What should Chris Brown do to repair his image?
Published Wednesday, March 23, 2011 9:48AM EDT
A day after Chris Brown trashed a TV dressing room following questions on his 2009 attack on Rihanna, PR expert Mike Paul said the once-popular singer is making it difficult for fans to get back on his side.
Brown needs to get comfortable with his past and say sorry if he's ever going to rehabilitate his image, Paul -- known as "The Reputation Doctor" -- told CTV's Canada AM on Wednesday.
Brown, 21, threw a chair through a window Tuesday after Good Morning America co-host Robin Roberts asked him about the assault – despite reportedly approving the question in advance, according to TMZ.
An unnamed source told The New York Daily News that the R&B singer completed his scheduled performance before flying off the handle.
"He looked like he wanted to kill somebody. He went completely nuts," the source said.
Brown then stormed out of the studio and took part in a street-court basketball game. He was photographed outside without a shirt on, and witnesses reported hearing heckling from the sidelines.
He was photographed smiling outside an art gallery just hours later.
ABC has decided not to pursue charges, a decision that works to Brown's benefit as he continues to serve probation following his assault conviction. He has undergone anger management and domestic abuse counselling since the assault, which happened two years ago as the then-couple was on their way to the Grammy Awards.
Pop singer Rihanna is still protected by a restraining order that prevents Brown from coming closer to her than 10 feet.
While the album he released months after his arrest tanked, he had appeared to be working to rehabilitate his image while promoting his latest release, "F.A.M.E."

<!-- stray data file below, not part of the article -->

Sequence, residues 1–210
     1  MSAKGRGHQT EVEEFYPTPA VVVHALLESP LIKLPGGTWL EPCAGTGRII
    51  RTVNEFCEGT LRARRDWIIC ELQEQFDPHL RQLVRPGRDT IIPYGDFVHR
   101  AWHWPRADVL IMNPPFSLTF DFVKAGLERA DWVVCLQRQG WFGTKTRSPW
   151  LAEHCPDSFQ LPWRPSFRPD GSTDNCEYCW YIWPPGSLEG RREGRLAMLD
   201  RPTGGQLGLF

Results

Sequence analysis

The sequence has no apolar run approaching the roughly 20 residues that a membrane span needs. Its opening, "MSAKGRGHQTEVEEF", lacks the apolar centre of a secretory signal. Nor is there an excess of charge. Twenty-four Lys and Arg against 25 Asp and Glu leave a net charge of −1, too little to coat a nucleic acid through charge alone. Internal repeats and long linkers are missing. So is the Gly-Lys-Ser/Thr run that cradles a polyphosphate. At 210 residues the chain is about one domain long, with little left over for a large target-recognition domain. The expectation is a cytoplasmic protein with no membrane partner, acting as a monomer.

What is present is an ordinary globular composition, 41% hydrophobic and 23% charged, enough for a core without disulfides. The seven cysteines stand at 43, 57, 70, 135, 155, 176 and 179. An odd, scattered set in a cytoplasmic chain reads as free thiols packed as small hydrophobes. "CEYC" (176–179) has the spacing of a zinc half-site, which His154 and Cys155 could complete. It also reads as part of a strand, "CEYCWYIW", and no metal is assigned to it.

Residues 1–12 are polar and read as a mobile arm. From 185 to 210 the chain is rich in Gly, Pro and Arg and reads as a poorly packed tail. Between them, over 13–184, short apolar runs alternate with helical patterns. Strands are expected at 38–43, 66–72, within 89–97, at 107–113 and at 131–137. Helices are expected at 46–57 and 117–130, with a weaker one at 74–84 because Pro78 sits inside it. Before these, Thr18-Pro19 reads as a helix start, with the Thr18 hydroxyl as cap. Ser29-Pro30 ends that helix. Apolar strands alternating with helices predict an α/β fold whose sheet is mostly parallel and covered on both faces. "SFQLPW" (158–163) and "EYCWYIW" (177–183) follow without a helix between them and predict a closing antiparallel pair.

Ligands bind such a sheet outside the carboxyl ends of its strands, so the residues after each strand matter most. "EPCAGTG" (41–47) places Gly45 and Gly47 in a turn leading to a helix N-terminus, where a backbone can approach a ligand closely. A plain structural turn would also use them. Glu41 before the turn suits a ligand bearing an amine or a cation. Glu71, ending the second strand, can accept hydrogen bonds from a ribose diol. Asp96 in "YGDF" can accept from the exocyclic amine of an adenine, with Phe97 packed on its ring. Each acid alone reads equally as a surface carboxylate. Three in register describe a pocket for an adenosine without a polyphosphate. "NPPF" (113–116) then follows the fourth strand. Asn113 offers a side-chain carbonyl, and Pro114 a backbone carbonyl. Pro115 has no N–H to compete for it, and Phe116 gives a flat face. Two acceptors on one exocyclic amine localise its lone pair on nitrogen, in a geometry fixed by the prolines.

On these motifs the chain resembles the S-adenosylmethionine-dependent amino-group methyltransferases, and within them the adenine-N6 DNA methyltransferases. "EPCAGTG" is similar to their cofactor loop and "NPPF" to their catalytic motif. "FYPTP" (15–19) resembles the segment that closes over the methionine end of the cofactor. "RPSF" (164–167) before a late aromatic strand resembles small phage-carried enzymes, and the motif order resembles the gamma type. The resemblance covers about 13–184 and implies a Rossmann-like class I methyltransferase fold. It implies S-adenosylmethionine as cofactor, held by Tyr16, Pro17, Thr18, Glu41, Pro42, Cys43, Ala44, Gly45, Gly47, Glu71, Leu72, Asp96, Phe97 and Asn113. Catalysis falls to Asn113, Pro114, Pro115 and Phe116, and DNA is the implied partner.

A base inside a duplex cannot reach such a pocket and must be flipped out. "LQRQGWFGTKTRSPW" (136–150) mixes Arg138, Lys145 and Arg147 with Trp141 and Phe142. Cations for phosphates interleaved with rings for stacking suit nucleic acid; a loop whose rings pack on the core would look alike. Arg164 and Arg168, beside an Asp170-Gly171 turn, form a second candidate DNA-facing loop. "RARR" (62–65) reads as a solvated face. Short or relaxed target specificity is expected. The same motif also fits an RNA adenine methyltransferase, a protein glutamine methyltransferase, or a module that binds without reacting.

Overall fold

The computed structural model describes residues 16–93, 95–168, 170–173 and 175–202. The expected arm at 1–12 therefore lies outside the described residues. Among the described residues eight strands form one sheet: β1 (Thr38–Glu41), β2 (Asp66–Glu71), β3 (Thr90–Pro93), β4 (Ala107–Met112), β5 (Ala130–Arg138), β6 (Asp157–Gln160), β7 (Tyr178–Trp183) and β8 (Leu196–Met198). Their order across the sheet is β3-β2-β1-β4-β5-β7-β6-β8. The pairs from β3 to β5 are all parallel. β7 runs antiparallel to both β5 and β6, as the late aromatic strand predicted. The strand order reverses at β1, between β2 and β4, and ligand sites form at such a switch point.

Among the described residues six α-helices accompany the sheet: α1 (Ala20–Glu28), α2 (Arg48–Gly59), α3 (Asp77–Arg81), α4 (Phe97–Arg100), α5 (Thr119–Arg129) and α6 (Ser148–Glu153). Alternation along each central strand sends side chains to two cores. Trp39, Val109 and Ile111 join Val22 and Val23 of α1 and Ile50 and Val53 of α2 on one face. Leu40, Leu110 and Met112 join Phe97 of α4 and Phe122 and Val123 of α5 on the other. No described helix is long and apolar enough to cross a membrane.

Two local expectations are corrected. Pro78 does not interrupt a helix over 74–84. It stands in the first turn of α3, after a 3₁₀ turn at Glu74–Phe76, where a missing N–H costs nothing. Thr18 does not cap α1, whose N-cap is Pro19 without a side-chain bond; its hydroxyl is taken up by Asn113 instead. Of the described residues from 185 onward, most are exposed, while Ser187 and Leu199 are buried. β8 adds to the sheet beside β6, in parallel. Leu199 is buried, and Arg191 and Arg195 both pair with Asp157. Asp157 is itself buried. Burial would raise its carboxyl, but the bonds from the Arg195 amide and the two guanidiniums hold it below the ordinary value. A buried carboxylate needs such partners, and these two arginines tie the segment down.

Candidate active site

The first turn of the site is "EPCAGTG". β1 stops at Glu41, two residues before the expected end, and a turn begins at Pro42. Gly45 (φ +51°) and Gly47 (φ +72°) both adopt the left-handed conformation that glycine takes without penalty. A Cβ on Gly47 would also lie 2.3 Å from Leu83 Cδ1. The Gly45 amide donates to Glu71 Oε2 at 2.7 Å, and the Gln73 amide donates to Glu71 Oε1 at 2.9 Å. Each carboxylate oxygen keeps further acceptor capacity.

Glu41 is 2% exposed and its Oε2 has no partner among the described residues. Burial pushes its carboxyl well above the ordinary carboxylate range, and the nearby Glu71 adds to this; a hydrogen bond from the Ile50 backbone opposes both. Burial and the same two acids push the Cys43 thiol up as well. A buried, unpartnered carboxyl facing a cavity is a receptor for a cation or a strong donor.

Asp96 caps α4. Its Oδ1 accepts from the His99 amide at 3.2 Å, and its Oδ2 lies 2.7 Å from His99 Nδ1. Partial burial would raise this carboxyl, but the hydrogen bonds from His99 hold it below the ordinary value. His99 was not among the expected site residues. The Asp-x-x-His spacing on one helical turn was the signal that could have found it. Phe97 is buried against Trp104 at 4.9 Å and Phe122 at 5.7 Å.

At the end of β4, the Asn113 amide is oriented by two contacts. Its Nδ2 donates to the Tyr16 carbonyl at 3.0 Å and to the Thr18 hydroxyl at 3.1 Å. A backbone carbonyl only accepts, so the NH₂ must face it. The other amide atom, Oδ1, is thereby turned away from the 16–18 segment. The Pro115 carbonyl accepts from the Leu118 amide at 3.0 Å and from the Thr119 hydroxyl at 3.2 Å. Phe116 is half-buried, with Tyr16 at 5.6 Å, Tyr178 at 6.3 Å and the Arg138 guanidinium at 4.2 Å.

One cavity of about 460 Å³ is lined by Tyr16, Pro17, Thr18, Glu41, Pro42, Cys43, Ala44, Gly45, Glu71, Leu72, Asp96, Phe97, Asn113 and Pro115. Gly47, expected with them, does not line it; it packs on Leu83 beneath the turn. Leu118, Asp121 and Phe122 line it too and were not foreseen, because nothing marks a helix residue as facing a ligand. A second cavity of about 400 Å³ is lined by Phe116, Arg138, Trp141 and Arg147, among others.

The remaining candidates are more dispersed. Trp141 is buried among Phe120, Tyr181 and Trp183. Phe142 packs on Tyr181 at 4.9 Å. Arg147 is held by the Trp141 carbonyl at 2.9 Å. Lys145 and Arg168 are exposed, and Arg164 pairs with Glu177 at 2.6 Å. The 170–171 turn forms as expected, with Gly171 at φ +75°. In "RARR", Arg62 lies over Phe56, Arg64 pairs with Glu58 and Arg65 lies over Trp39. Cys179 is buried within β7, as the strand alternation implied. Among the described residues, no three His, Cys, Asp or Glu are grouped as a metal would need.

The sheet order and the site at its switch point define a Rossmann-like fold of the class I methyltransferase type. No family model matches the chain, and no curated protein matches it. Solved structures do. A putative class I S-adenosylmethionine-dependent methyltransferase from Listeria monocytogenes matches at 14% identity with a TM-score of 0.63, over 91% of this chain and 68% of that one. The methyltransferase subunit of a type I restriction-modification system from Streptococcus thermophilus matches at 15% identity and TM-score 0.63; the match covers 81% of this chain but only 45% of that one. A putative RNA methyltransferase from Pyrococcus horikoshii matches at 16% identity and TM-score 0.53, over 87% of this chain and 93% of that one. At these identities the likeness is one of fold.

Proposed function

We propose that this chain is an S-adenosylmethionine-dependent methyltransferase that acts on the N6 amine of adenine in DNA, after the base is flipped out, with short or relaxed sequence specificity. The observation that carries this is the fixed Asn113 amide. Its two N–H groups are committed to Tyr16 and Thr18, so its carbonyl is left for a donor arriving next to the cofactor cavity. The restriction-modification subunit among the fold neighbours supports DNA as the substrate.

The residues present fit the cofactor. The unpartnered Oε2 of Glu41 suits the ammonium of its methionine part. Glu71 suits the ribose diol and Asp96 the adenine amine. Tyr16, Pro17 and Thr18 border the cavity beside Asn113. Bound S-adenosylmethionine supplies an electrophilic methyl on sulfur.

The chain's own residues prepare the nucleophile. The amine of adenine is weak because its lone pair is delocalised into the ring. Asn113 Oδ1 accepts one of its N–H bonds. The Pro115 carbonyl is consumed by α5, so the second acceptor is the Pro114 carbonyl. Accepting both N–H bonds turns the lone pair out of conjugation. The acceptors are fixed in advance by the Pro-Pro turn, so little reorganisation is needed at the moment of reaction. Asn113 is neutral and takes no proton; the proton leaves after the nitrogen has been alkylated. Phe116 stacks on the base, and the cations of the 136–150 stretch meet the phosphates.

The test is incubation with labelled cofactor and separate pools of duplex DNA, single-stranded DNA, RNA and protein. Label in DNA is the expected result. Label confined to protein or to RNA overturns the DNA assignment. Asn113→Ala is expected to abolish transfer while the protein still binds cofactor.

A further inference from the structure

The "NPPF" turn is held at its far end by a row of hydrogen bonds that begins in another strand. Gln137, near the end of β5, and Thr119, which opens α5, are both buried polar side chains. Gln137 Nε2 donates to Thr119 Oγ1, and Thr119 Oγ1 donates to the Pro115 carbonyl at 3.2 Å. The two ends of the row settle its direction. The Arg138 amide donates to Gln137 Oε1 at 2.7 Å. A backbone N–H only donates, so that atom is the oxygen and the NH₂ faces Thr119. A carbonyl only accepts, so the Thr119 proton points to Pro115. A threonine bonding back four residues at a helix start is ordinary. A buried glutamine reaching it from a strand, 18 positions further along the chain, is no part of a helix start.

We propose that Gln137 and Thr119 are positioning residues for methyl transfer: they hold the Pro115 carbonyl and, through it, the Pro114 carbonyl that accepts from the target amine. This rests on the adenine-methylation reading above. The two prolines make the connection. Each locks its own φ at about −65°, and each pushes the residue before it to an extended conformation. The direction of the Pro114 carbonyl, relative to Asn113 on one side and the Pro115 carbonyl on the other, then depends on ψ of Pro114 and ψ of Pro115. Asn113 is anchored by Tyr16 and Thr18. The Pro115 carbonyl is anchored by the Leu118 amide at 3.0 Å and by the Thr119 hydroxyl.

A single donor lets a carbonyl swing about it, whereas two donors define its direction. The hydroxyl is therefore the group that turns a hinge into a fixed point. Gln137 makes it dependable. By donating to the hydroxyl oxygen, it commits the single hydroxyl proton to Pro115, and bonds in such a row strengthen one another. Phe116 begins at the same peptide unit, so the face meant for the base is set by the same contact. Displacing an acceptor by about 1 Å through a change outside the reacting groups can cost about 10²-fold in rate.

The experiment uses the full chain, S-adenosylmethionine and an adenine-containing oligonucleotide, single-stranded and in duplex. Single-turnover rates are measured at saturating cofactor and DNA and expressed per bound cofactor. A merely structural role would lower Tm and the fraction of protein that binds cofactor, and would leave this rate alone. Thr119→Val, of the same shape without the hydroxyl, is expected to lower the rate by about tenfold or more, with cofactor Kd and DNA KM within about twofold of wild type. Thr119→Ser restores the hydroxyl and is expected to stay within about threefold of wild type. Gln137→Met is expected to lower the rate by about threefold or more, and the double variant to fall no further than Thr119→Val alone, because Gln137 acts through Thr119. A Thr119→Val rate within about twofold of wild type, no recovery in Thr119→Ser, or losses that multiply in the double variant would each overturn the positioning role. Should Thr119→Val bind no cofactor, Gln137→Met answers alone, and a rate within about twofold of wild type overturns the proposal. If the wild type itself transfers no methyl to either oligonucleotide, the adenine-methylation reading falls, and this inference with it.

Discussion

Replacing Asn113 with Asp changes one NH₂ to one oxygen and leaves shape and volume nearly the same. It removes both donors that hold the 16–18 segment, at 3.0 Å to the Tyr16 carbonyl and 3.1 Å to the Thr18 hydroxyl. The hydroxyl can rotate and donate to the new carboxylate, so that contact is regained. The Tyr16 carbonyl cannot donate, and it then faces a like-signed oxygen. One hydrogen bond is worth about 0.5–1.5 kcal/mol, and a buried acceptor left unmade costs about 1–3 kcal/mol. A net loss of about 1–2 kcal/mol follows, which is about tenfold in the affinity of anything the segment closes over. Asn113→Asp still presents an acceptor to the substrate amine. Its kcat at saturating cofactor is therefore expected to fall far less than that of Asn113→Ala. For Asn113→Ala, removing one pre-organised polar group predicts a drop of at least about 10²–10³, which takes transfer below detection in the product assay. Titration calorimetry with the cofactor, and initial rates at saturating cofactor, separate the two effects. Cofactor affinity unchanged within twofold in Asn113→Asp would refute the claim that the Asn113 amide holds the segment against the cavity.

During Tuesday's interview, Brown looked visibly agitated as he responded to Roberts' question.
"It's not really a big deal to me as far as that situation," he said, pressing the interviewer to focus on his music. "I mean, I'm past that in my life… Go get that album."
Afterward, Brown posted a Twitter update saying he was "tired" of people who weren't his fans.
Mike Paul, president of the MGP and Associates public relations firm, said the singer's attempts to shrug off Tuesday's blow-up have taken his tarnished image from bad to worse.
"If I were counselling him, one of the things I'd say is you must be sure to own this issue," said Paul, speaking by video link from New York. "This is the biggest thing that's ever happened in your life. What do you mean, ‘It's not a big deal?' You don't get to choose what others think."
If Brown were his client, Paul said he would encourage him to offer a sincere apology, and use his past to generate discussion around the subject of domestic assault. As it stands, he's likely avoiding taking responsibility on advice from his legal team, Paul said.
"That's a huge mistake," he said, noting Brown declined an offer to return to the show the following day. "Attorneys are not experts in the court of public opinion and dealing with crisis PR. I think they're believing this is something that's going to be pushed under the rug.
"That's a lie from the pit of Hell, that there's no such thing as bad press... He's got a long road (ahead)."